Earlier this month, communities across the nation celebrated National Night Out. National Night Out is an annual event promoting police-community partnerships. The event helps citizens bolster their defenses against crime by strengthening community bonds and educating people on how they can participate in creating safer neighborhoods.
Better Business Bureau has simple tips you can use year-round to stay secure and help make your community safer.
• Get to know your neighbors. National Night Out is the perfect way to meet people in your area. Just knowing who your neighbors are is valuable, but establishing relationships really makes a difference in keeping your neighborhood safe from crime.
• Neighborhood watch. Form a watch group in your area and report suspect activity. Alert neighbors and police if you see unfamiliar cars driving slowly or individuals acting suspiciously. Keep a list with names and phone numbers of homeowners on your block handy. Your local police department can assist you in setting up a successful neighborhood watch program.
• Monitor door-to-door sales. Although many legitimate companies solicit door-to-door, con artists use this technique as well. If a door-to-door sales person knocks on your door, know that you do not have to answer the door or allow the person into your home. If you choose to answer, do not commit to purchase any product or service until you have checked the company out with BBB by visiting bbb.org.
• Trash and recycling bins. Many people put their collection bins out the night before pick-up. Or they do so just before leaving for work in the morning. In either case, dumpster divers may have an opportunity to dig through your trash for personally identifiable information. Never put financial or personal information in your trash. If you see people going through your trash, call your local police. Do your best to collect your bins the same day sanitation crews have collected trash and recycling.
• Shred your documents! Destroy all documents with financial or personal information in a cross shredder. This includes things like bank and credit card statements, stock portfolios, tax returns, ATM and credit/debit card receipts, copies of birth, death, and marriage licenses, vehicle titles, deeds and mortgages, pay stubs and insurance policies.
• Mail boxes. Mail theft is one of the primary ways thieves get personal information to perpetrate identity theft. Collect mail as soon as it is delivered, or get a locking mailbox to give you more security. Be on the lookout for bills or financial statements that do not show up – this is a sign of possible identity theft. Be very cautious mailing payments from a curbside mailbox.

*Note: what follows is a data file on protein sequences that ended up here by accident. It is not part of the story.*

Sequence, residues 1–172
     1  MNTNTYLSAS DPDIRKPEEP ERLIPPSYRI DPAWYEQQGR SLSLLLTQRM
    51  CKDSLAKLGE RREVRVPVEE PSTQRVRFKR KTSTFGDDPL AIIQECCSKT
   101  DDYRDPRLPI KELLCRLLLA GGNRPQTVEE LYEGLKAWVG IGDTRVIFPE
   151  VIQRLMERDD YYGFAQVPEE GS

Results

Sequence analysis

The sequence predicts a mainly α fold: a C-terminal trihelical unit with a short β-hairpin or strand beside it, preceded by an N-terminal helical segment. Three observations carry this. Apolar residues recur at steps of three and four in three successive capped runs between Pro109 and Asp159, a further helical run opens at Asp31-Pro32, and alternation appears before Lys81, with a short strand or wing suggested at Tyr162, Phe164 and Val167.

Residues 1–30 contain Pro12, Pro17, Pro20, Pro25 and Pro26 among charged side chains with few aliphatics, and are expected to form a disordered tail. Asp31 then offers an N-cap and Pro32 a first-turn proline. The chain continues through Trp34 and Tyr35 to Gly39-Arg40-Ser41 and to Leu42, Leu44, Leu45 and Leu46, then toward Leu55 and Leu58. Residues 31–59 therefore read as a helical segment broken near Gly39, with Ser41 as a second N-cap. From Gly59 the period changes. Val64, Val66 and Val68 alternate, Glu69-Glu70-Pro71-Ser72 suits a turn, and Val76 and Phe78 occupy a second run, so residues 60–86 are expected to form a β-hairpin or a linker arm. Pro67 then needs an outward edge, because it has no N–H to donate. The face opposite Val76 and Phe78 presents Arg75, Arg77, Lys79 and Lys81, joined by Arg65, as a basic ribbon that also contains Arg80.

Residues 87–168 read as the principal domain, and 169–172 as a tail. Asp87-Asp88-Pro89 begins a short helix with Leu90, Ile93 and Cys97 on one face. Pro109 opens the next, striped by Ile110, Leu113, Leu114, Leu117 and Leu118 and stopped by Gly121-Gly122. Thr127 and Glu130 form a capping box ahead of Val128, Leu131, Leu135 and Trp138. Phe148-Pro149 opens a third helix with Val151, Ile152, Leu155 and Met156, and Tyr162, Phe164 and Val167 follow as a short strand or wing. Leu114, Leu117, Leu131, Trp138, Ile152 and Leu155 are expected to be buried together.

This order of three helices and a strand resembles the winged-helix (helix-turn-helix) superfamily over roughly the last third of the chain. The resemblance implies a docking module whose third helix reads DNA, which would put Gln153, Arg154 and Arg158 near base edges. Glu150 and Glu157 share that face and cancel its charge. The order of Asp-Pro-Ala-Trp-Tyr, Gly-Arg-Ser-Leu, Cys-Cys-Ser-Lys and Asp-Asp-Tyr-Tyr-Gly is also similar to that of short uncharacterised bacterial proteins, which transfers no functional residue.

• Home security systems. Professional home security systems can be a deterrent to criminals. If you can’t afford a complete system, consider relatively inexpensive home security products like motion sensor lights, etched window glass film, tethered safes, patio door reinforcement bars, light timers and entry alarms. Also, never leave keys in your car – even when it is in your garage.
• Vacation safety. While on vacation, let police, trusted neighbors or friends and family know when you will be gone and where and how they can reach you. Having someone check on your home, bring in newspapers and mail, and turn lights on and off can help keep your home safe. If you’re going to be away for an extended period, consider a stop order for your newspapers and mail while you’re gone.
By working together with your neighbors, you can create a safe community. Participating in National Night Out is a great first step towards stamping out crime on the street where you live.
For more trustworthy tips, visit bbb.org.
Kelvin Collins is president/CEO of the Better Business Bureau serving the Fall Line Corridor, serving 83 counties in East Alabama, West Georgia, Southwest Georgia, Central Georgia, East Georgia and Western South Carolina.